The Value Of Art

Nov 11 2012 @ 5:33pm

Leonardo_b_818-600x462

Rachel Cohen explores the art world's financial history:

For as long as artists have made a living from their art, even if a meager one, some version of the art market has been negotiated between people with power and people with artistic talents. But in each era, what was held to be valuable was different. Though the art market has always measured value, that value was not always expressed in exclusively financial terms. Take, for example, fifteenth-century Florence, where the Medici banking family held sway. At that time, bankers worked in long-term partnerships with one another, and painters had workshops that were passed down from master to apprentice. Ongoing relationships with men of standing were very valuable. The exchange between, say, Lorenzo the Magnificent and Botticelli took the form of an enduring patronage relationship with large-scale commissions for churches and palazzi. Much of the value exchanged was not monetary but religious or reputational. Both the banker and the painter were understood to be more pious and significant men as a result of their relationship.

But in the Gilded Age, price was increasingly felt to be the measure of value which subsumed all others.

In 1825, a Botticelli of the Holy Family sold for £10 and 13 shillings. In 1898, when offered another well-known Botticelli, of Saint Jerome, for £500, the British National Gallery was content to turn it down. But in 1912 that Saint Jerome sold to the American collector B. Altman for about $50,000. And by the time Andrew Mellon, in 1931, bought a Botticelli, together with a Rembrandt, he felt he was getting a rapaciously good bargain at a mere $1 million. Works by Botticelli were becoming increasingly prized during this period, but prices for all of the most valued paintings leaped up almost shockingly in the years before and after the first IPOs and the first cubist pictures. Suddenly people began to see paintings as representations not only of age-old values but of future values. And once they began to look at them that way, it mattered less how much time they’d withstood the test of. What people became interested in was not what the pieces were worth a hundred years ago but what they might be worth tomorrow. All through the twentieth century, prices for contemporary artwork were rapidly catching up to prices for works by old masters. Now, the first time a Damien Hirst is sold, the price is at a level only the greatest works of the past have achieved after being sold and resold for a century or more.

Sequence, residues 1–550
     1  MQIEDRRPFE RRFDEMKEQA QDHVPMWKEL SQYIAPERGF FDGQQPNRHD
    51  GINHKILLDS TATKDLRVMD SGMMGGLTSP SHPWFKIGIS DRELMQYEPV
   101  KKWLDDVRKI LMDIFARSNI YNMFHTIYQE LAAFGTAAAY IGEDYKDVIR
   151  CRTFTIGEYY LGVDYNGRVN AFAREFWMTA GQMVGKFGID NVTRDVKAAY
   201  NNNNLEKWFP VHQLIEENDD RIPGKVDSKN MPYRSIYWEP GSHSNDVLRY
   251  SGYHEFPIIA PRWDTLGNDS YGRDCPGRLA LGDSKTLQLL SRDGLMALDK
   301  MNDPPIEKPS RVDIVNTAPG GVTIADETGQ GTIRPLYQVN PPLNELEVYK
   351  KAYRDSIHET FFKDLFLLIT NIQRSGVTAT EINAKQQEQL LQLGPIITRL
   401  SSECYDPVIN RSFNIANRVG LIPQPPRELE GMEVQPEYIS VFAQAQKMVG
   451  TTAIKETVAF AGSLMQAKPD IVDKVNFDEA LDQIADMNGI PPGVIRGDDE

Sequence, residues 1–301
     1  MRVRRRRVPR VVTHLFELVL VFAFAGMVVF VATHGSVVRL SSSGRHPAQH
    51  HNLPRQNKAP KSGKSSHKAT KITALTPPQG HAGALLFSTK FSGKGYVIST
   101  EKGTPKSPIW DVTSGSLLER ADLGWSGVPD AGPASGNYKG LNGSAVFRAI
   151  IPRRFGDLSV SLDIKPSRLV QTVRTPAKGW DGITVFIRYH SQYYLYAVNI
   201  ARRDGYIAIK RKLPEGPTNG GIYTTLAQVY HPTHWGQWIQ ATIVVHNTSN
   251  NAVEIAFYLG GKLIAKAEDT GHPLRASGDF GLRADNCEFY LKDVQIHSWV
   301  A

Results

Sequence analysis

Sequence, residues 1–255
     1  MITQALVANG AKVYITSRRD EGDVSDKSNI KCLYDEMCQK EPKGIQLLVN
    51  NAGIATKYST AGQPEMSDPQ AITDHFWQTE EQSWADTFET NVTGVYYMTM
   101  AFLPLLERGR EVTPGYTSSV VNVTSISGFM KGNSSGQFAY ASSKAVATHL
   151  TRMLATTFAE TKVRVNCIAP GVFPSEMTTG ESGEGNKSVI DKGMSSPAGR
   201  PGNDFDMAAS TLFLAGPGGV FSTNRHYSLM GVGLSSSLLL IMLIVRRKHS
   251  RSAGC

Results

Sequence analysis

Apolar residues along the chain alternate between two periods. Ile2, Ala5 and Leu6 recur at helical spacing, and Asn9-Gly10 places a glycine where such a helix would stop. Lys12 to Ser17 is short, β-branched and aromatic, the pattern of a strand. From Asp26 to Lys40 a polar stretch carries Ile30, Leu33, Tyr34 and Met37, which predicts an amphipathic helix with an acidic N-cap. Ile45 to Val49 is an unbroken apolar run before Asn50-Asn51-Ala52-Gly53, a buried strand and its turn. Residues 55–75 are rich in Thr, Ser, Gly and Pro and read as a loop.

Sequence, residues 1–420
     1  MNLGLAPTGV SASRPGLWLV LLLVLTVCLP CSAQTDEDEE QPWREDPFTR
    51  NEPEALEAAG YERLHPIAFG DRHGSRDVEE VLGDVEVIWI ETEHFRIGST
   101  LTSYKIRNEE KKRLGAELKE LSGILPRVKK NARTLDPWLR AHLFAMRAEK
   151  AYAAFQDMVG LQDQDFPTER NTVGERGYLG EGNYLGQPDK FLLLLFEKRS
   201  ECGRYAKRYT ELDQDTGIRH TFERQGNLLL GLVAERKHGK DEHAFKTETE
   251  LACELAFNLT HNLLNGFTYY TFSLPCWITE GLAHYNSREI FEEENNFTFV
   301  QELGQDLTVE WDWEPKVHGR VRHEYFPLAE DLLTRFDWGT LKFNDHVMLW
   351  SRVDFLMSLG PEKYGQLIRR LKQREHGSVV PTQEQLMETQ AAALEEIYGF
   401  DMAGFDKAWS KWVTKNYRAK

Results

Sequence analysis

(Leonardo da Vinci’s The Last Supper, with the people digitally removed, by Bence Hajdu, via Hyperallergic)